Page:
James Shapiro of the Bombay Stock Exchange discusses the need for financial education in India, and explains some of the initiatives underway to try to fill the knowledge gap.
Date: Mar 2011
However, a key problem, he explained, is that outside of a few big cities, most people aren’t exposed to the markets.
As a result, there is a large need for advice and education generally. The Bombay Stock Exchange, for example, believes that education is required to grow and deepen the market, and to include more people within the financial system, said Shapiro.
The Exchange has its own training institute, for instance, to give people the opportunity to learn about the markets, and to train and become participants within it.
How to better educate people
According to Shapiro, the Exchange is trying to penetrate smaller cities and towns through its investor protection fund – which is where the regulator has told the Exchange to take a small portion of its fee revenue to be used towards educating investors.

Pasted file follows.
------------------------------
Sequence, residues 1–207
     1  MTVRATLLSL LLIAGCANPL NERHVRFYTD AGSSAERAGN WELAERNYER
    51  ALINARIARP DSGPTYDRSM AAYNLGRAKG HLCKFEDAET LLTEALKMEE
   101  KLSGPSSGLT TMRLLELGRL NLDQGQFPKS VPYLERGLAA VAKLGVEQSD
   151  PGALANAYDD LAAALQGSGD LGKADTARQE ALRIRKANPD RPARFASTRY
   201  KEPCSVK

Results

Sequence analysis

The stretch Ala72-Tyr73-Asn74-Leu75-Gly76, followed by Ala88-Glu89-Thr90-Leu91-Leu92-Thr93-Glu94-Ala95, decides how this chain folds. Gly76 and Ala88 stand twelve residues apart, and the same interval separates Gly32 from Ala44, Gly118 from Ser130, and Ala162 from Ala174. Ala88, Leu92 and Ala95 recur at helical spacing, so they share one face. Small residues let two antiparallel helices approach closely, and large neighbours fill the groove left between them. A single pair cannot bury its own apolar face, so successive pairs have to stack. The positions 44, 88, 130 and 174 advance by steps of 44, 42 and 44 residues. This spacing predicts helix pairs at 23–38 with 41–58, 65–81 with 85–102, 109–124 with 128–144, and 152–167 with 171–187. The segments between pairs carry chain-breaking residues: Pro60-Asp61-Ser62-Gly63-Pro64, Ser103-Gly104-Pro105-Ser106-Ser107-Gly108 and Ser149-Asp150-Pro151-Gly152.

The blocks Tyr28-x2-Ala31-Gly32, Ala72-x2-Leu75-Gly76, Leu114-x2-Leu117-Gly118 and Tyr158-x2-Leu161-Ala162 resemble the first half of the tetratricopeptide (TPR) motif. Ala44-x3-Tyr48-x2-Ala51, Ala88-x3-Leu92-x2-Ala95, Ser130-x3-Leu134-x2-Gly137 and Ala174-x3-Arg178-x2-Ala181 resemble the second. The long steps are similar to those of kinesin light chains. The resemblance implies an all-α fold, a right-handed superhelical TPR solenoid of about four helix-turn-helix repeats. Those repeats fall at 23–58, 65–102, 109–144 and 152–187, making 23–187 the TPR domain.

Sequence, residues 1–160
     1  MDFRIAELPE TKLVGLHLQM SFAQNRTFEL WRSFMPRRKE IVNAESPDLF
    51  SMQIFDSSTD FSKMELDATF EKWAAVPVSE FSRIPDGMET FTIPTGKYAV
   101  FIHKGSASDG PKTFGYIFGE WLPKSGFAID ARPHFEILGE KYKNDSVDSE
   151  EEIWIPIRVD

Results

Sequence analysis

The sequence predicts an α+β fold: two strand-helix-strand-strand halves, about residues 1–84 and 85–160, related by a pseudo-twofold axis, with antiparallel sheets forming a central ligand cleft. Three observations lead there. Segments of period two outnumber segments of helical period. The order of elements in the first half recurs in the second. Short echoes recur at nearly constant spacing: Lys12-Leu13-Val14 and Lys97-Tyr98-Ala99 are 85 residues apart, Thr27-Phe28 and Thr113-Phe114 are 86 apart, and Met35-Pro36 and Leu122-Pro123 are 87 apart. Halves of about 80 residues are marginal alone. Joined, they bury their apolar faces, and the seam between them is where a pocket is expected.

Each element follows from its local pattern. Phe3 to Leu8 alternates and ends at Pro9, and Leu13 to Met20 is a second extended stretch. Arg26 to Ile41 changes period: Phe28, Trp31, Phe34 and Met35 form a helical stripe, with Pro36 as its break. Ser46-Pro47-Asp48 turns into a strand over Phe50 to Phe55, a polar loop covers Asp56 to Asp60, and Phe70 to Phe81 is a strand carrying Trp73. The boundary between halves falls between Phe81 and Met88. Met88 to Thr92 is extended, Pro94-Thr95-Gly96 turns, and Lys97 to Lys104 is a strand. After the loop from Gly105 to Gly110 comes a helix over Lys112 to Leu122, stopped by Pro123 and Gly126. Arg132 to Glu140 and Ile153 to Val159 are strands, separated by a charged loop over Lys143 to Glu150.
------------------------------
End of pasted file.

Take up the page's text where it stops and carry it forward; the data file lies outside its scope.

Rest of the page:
Such programmes are quite basic in terms of individual asset classes and the dos and don’ts of investing, he explained. They also focus on the principles of regular savings plans.
When it comes to education focused on the benefits of investing in mutual funds, Shapiro said the industry is still relatively small in terms of mutual fund assets, especially in the equities space.
As a result, there are opportunities in terms of educating individuals on the benefits of diversification through mutual funds and exchange-traded funds, rather than through individual securities.
To be able to overcome the infrastructure challenge, however, Shapiro said it is critical to use web-based platforms and mobile devices more and more to be able to educate individuals.